Since our inception, DJJ has worked to be a committed partner to the Black Lives Matter movement. Our very first action as an organization was a Hanukkah vigil after the murder of Mike Brown in Ferguson, MO.
(December 2014 DJJ’s first action at Campus Martius)
Due to long-term organizing locally and nationally and the consecutive killings of Breonna Taylor (Kentucky), Ahmaud Arbery (Georgia) and George Floyd (Minnesota) we find ourselves in another such movement moment -- a moment ripe with possibility and rife with challenging questions.
As our sister organization in the Twin Cities, Jewish Community Action, recently wrote:
“What does it look like to "show up" in this moment? How do we respond to such violence? And how do we do it in the midst of a pandemic that’s disproportionately infecting and killing people of color? A virus that itself embodies the same racism and systemic injustice that killed George Floyd?”
We can start by following the lead of The Movement For Black Lives in fighting alongside those turning up in the streets and online.
We’ll do our best to offer our network opportunities and resources for meaningful and strategic action, education and solidarity.
Gathering Our People
This Saturday evening at 8pm, join the DJJ community for ritual, processing, learning and a call to action.
- Volunteer for Protest Support - (Jail Support, Legal Observing, and Remote Opportunities)
- Offer legal representation for protestors.
- Donate to sustain local work for racial justice: Detroit Justice Center, Michigan Liberation, Black Youth Project 100 Detroit
- Display a BLM sign on your lawn and distribute to friends & neighbors. You can purchase one here or here.
- Encourage your congregation to display a large “Black Lives Matter” banner on their property. We understand this can be a difficult conversation - if they are willing to consider it, DJJ is available to provide learning resources and practical support.
**DJJ is committed to supporting community members who are choosing to march. Be in touch with Allie if you are seeking legal, safety or spiritual resources. Please be safe. We encourage you to practice social distancing guidelines and wear a mask. It can be powerful to show multiracial solidarity, and it is essential to not spread sickness to communities that are already grieving.**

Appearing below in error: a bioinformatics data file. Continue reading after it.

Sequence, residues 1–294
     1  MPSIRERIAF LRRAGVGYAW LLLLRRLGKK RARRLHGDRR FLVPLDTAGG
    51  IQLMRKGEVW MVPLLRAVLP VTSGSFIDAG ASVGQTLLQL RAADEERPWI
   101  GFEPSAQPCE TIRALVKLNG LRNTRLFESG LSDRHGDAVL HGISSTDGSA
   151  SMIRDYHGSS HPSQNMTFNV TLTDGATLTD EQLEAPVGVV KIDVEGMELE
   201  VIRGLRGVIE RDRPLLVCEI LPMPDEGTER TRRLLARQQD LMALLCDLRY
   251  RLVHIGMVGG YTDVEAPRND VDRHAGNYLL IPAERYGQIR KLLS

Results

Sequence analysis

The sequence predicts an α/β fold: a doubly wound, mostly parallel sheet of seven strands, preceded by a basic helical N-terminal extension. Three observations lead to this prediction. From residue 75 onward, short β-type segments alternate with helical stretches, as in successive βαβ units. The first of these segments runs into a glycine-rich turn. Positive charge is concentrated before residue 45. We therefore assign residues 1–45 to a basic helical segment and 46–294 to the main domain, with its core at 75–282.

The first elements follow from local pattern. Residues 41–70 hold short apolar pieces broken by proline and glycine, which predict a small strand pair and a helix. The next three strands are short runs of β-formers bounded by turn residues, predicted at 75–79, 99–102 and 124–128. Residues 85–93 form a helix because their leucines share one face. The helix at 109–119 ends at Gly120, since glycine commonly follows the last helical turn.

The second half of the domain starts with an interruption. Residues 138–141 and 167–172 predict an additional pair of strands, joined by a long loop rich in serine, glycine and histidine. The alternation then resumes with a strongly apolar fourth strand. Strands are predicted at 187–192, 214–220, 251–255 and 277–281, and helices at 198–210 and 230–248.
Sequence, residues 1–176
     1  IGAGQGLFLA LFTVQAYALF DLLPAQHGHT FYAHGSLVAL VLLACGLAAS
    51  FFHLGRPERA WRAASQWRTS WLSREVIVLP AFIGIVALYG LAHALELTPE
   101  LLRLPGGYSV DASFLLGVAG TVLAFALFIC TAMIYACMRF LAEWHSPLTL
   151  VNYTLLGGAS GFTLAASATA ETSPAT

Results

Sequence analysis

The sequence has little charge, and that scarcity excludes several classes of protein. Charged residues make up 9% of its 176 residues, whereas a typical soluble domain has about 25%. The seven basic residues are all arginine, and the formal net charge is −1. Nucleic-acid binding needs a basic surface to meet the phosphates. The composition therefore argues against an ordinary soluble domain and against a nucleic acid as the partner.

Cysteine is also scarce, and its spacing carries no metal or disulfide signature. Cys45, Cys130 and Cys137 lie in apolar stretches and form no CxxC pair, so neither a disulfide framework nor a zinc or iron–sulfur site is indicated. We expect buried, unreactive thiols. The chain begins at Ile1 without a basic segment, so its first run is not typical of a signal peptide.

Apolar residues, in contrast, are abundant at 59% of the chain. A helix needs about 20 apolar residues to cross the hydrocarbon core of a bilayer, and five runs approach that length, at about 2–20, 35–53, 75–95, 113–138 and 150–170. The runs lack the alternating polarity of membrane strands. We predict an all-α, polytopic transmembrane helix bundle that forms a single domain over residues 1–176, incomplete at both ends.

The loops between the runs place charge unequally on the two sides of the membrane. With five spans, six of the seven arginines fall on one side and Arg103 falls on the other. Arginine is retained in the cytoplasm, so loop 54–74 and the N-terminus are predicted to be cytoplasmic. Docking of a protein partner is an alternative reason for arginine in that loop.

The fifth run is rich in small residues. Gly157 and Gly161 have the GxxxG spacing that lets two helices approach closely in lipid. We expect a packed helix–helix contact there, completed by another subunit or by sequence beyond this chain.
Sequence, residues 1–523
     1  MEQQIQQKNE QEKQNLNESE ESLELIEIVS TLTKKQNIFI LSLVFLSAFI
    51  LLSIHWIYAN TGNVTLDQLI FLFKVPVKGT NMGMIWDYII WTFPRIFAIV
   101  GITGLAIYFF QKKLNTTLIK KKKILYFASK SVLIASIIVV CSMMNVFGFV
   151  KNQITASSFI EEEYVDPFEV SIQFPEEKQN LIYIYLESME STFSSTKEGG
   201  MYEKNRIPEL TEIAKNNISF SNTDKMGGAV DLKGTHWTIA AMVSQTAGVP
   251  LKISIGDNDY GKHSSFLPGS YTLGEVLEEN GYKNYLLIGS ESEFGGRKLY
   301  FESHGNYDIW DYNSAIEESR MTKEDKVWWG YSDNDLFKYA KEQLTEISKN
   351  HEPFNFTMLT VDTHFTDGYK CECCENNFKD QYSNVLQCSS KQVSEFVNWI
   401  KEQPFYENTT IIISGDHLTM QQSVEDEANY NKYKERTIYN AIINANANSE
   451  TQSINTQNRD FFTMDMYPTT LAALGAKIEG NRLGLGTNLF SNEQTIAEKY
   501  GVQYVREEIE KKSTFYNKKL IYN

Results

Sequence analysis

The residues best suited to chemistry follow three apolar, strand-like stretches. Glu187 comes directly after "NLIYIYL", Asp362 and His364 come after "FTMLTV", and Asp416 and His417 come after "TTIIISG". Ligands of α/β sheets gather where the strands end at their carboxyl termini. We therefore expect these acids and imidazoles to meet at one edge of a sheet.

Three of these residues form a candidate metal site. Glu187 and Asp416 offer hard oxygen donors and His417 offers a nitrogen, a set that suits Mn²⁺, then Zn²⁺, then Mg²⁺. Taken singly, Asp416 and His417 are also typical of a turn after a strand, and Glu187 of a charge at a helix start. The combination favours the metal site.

Follow this link for learning resources. We will highlight a few here:
- “Don’t understand the protests? What you’re seeing is people pushed to the edge.”
- Believe us’: Black Jews Respond to the George Floyd protests, in their own words”
- Ibram X. Kendi’s anti racist reading list
- JFREJ’s Shavuot for Black Lives study guide
Strategizing for the Long Haul
In the past year, we have spent countless hours developing a new campaign structure that will allow us to organize with more agility and effectiveness. On Tuesday, July 21st we will launch a new team dedicated to mobilizing the Jewish community for racial justice. Save the date and stay tuned for more details.
DJJ is doubling-down on our commitment to the work of racial justice. We are proud to announce an ambitious new program, working closely with synagogues to advance diversity, equity and inclusion. We are honored by an (almost official!) generous commitment from the Jews of Color Field Building Initiative for this work. The grant will also support us to amplify the voices of Jews of Color, who have been telling us unequivocally that we in the Jewish community must show up for Black Jews and for all Black people targeted by state violence. We will announce our new hire soon, and in the meantime you can email Allie to express interest in learning more and invest in our capacity to do this work.
Please join us in raising our collective Jewish voice in support of Black lives.
(R. Alana speaking in Ferguson, MO 2014)
Rabbi Alana Alpert